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Rising Energy Demand is Not the Enemy. It’s the Opportunity

Lamenting the “obscene” energy demands artificial intelligence (AI) will command, a recent New Yorker article asks, “How can the world reach net zero if it keeps inventing new ways to consume energy?” The energy needs of cryptocurrency mining and clean-tech manufacturing have also raised concerns that the world will not meet climate targets. 

The reality is inventing new ways of doing things is how we make peoples’ lives better. Growing energy demand is a sign of greater prosperity and economic progress. Underscoring the need for more power should not be misconstrued as a reason to curtail growth, trap people in energy poverty, or subject consumers to pay higher prices for less energy. Climate concerns cannot wish away demand but instead offer a chance to meet greater energy needs with affordable, dependable, and clean power.

>>>READ: Energy Won’t Stay in the Ground

Major energy consumers are already paving the way for procuring low-carbon and zero-emissions energy sources. Google has been an early customer for advanced geothermal. While not a new supply, Amazon recently bought a nuclear-powered data center. Commercial and industrial manufacturers are procuring power from solar, battery storage, and microgrids, and investing in energy efficiency and demand-side management. Crypto miners are using cheap natural gas that would have otherwise been flared. 

These investments will not only help reduce the environmental footprint of industrial energy consumers, but they can also help drive the price down to make clean energy sources cost-competitive without taxpayer-funded subsidies. If the concern is crypto miners and manufacturers using dirty, cheap Chinese electricity, the solution is cleaner, cheaper power from the U.S. and its allies.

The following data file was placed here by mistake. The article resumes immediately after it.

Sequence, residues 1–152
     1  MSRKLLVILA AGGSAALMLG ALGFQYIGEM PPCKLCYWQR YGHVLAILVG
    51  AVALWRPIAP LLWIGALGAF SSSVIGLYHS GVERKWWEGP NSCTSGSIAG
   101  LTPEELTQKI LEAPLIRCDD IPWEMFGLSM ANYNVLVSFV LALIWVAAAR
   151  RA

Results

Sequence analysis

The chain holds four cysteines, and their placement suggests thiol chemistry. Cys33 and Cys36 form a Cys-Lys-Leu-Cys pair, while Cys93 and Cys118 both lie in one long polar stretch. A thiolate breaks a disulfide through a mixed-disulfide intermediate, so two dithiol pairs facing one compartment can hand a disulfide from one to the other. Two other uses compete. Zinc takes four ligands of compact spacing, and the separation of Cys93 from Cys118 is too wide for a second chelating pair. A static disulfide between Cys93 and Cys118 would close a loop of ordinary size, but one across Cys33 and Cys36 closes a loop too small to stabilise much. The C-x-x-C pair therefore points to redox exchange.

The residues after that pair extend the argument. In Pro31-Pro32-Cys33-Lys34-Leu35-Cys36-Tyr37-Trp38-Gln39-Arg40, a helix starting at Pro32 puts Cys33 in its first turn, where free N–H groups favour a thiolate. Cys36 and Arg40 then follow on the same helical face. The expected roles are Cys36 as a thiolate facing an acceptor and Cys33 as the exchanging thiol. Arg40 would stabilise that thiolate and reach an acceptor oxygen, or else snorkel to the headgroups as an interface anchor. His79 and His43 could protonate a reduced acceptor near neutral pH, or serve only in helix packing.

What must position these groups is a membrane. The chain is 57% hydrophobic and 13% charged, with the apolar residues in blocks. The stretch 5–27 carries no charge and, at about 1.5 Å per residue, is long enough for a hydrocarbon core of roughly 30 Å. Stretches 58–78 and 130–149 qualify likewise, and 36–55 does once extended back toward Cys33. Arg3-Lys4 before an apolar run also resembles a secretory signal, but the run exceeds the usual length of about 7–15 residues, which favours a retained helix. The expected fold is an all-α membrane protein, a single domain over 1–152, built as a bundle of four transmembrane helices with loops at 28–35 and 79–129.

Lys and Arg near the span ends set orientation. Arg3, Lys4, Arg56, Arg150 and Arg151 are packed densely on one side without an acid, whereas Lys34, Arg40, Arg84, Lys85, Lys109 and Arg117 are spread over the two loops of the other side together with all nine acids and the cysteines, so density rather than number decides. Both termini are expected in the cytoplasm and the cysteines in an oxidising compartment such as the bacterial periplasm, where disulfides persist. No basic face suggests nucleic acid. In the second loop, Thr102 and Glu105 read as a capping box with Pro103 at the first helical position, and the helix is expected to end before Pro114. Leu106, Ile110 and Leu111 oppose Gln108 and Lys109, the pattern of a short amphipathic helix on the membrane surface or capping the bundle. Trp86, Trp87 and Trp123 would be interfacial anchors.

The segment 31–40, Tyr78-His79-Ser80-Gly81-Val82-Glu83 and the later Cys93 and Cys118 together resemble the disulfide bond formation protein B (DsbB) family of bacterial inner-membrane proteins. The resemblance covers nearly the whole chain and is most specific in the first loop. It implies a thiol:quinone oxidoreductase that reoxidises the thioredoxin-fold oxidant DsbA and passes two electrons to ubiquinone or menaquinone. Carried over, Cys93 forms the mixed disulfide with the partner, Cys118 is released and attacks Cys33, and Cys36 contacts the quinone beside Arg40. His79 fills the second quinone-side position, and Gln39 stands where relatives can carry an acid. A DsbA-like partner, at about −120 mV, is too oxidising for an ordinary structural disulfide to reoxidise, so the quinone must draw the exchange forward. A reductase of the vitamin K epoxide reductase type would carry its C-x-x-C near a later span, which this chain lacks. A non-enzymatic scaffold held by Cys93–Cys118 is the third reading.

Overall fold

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Global emissions are a global challenge and most of the electricity demand will come from emerging and developing economies, and it is in their economic interest to pursue the lowest-cost power generation. Whether it is natural gas, nuclear, renewables, or geothermal, when cleaner forms of energy are reliable and cost-effective, emerging economies will more quickly decouple economic growth and emissions as the U.S. and other developed countries have done. 

The New Yorker notes how industrial energy users can be part of the solution, saying, “A.I. could potentially be used to alleviate some of the problems it is exacerbating. For instance, it might be used to improve the efficiency of renewable-energy systems, which could reduce emissions from server farms. But it seems unlikely that such gains will keep up with A.I.’s growing electricity demands.” 

>>>READ: The Coming Energy Expansion and What it Means for the Climate

Demand outpacing clean energy supply may very well be where the world is headed, but much of that is a function of policy, politics, and NIMBYism. Antiquated permitting processes, restricted market access, and higher taxes curtail investment and innovation for breakthrough technologies. In fact, AI could help address challenges like permitting for nuclear and other energy projects with more timely and efficient processes to meet the necessary environmental and public health benchmarks. 

While there have been genuine, good-faith efforts to advance pragmatic energy and environmental reforms, divisive politics have obstructed opportunities to unleash domestic investments in all forms of energy. Ever-present and growing NIMBYism has either concluded “We need more energy but not here” or “Not that kind of energy.” This has been true for projects that would not only create jobs and spur economic growth but also lower energy bills and lower emissions – whether it is natural gas pipelines, necessary transmission investment, critical mineral mines, or new renewable energy developments. 

If policymakers fail to address these issues, demand will outpace new supply – raising prices and pushing investments and jobs to countries with far worse environmental standards. We can raise red flags about what future energy needs mean for prices, reliability, and the planet, but it does no good if policymakers ignore them.

The views and opinions expressed are those of the author’s and do not necessarily reflect the official policy or position of C3.

Copyright © 2020 Conservative Coalition for Climate Solutions

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